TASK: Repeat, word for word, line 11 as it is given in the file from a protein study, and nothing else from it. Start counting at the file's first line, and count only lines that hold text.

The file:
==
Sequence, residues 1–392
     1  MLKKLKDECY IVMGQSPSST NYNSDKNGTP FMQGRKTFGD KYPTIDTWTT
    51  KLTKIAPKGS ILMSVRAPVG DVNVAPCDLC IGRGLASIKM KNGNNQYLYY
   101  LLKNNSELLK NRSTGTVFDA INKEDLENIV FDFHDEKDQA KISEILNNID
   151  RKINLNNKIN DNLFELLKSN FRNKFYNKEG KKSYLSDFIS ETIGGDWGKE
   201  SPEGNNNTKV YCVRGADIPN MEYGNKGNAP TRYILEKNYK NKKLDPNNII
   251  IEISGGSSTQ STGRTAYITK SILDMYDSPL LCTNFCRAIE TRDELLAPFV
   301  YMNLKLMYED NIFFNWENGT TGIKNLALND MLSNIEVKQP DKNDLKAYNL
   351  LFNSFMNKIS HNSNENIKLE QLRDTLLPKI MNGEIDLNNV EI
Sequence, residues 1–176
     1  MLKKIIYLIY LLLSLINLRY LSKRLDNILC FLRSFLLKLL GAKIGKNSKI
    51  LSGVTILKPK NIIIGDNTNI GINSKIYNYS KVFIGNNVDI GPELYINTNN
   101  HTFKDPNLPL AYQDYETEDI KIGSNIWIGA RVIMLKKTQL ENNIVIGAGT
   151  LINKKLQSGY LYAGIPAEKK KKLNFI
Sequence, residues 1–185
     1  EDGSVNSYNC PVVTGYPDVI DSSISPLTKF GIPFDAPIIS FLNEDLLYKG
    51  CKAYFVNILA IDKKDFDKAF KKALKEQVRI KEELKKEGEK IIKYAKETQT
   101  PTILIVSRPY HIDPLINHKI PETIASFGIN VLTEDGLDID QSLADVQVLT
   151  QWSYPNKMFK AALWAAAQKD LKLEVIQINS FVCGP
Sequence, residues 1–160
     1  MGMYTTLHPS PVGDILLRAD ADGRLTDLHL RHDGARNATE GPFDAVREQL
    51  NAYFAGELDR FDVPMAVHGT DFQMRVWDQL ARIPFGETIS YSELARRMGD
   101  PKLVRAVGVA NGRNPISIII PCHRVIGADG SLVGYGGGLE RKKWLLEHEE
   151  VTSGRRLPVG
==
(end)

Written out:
     1  MLKKIIYLIY LLLSLINLRY LSKRLDNILC FLRSFLLKLL GAKIGKNSKI